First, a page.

You're Early in the Loan
Overpaying your mortgage has the most effect when you are early in the loan's duration. After all, if you only have five years left on it, there's only so much interest an overpayment can save.
However, if you have 25 years left, for example, on a 4% mortgage for £300,000, even overpaying £1,000 would save you £1,706 over the life of the loan, and it would take one month off the total duration of it!
Putting extra money down early on in the process is the best way to shorten the duration of the mortgage and reduce the most interest you'll pay. If you are towards the beginning of the mortgage, overpaying might make sense – especially if you aspire to be free of debt by your retirement years.
You Aspire to Buy a Second Home (Either Vacation or Investment)
If you want to buy a second home, overpaying your first mortgage might be the best strategy as it will clear out the first loan faster and enable you to buy your second property.
Consider the following example. Suppose that you earn £50,000 per year. You currently have a mortgage of £1,000 per month. The bank figured that would be easy for you to handle, so it wasn't an issue. Since then, you've been great with credit and have a meagre credit utilisation ratio overall.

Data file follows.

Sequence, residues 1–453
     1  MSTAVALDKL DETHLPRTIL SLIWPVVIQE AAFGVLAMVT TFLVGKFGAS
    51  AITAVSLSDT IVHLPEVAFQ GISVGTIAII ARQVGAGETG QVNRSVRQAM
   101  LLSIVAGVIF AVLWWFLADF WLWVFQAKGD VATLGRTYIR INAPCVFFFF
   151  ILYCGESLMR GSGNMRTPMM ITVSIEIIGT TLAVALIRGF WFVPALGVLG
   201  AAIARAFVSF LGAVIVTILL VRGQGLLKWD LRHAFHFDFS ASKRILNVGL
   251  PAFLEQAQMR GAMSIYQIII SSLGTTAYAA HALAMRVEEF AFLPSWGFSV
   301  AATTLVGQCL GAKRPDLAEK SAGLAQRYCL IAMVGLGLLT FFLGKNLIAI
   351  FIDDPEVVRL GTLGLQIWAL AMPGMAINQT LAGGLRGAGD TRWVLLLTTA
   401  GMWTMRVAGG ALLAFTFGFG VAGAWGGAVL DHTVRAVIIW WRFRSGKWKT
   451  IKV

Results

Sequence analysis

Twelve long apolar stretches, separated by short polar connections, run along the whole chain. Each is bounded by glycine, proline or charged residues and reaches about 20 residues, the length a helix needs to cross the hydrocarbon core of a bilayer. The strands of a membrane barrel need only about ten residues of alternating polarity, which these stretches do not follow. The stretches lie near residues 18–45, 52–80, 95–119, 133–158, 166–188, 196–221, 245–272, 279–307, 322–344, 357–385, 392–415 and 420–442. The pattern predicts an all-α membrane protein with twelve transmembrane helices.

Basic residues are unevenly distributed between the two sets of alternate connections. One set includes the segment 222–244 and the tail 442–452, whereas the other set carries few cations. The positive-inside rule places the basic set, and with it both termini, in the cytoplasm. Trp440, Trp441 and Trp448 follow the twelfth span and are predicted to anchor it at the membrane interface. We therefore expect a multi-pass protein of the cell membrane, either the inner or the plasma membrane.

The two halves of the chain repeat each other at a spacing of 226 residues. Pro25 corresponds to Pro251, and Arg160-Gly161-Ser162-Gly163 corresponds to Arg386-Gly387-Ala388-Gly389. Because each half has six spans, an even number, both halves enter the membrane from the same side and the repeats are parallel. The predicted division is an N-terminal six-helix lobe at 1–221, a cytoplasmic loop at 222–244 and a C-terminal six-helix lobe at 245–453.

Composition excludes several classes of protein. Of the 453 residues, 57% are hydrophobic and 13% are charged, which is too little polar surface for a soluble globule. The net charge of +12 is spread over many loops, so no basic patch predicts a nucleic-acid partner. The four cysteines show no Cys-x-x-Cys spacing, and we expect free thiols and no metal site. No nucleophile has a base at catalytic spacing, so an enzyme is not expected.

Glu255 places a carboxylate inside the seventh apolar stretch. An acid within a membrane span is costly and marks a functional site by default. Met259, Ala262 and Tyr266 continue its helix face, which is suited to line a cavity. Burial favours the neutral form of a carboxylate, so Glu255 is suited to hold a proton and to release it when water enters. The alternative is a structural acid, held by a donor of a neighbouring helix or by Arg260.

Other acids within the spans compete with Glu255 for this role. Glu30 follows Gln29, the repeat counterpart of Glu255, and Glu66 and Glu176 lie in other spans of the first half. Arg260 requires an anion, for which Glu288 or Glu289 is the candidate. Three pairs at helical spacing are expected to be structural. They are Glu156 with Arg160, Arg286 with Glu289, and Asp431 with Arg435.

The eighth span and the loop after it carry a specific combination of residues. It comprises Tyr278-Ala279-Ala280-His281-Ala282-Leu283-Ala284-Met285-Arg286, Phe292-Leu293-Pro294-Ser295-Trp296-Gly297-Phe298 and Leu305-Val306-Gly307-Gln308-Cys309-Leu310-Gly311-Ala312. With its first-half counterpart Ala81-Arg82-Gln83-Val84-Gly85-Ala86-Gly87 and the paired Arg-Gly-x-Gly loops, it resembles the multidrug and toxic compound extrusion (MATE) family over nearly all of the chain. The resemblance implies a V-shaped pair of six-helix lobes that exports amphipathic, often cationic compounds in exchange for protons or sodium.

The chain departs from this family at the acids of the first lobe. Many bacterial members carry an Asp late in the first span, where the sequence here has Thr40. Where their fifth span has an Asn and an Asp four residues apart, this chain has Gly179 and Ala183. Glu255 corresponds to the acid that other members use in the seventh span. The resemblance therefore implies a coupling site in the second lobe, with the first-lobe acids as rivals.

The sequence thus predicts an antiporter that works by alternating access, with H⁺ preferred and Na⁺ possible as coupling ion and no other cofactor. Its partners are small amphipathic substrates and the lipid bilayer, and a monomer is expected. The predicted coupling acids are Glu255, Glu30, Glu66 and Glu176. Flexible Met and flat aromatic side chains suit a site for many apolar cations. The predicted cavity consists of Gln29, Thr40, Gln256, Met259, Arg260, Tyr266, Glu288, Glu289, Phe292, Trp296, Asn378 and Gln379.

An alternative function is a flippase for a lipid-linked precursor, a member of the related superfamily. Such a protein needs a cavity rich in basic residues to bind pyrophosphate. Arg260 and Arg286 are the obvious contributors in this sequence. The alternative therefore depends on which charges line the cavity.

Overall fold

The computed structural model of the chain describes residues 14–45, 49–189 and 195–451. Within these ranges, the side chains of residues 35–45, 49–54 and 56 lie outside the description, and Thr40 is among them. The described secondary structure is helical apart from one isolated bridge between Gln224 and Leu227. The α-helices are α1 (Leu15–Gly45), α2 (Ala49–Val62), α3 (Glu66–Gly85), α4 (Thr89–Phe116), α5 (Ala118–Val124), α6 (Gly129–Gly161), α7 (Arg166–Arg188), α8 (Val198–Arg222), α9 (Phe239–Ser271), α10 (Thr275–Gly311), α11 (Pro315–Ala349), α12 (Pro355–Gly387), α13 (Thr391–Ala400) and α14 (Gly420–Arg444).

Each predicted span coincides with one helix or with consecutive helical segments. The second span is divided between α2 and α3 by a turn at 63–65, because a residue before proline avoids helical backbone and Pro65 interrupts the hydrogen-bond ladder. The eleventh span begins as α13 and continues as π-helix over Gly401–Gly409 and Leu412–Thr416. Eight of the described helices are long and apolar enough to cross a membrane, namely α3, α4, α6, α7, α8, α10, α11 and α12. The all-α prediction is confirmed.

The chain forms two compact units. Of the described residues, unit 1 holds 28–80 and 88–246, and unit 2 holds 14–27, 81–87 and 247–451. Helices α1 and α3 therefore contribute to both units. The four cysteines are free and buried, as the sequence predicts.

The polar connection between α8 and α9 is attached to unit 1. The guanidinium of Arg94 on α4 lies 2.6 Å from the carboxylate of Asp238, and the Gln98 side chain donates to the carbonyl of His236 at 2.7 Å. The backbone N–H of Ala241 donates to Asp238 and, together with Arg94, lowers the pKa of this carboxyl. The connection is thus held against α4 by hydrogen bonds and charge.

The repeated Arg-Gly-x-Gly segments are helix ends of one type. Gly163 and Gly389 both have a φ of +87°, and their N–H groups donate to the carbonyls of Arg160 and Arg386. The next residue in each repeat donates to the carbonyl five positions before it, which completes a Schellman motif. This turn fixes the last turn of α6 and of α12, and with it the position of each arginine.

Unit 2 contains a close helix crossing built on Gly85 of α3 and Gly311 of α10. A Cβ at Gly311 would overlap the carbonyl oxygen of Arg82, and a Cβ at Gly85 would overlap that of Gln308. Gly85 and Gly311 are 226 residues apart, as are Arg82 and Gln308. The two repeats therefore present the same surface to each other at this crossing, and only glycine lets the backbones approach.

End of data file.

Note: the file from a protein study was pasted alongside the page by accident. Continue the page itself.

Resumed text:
Now, what if you want to get a second home? Say, for example, a lovely little cottage for £200,000 in a town you like. You have the minimum downpayment saved, but the mortgage amount puts you over the threshold where the bank feels comfortable lending you the money (the payment on this home could be about £1,000 per month).
You have a few options, including increasing your salary. One of the best options might be to work aggressively to pay down your mortgage balance. After all, if you didn't have the first mortgage, the bank would have no problem lending you the money for the second home you want!
Of course, this concept is a long-term play, as it may take many years of extra payments, but if your goal is to own a second home, aggressively overpaying to clear off your initial mortgage may be the best way to achieve that dream!
Overpay Your Mortgage: It Can Make Sense
Given how low interest rates have been overall and how much the stock market, including the FTSE, has returned, it has usually never made sense to overpay your mortgage. Investing your money (especially investing in an account with significant tax benefits) is usually the better option overall.
However, there are a few specific scenarios where overpayment makes sense. Broadly, as we have seen, these scenarios fall into two categories: you want to be mortgage-free sooner, or you feel that saving on interest will be more beneficial to you than investing. If you fall into one of those camps, you should overpay your mortgage!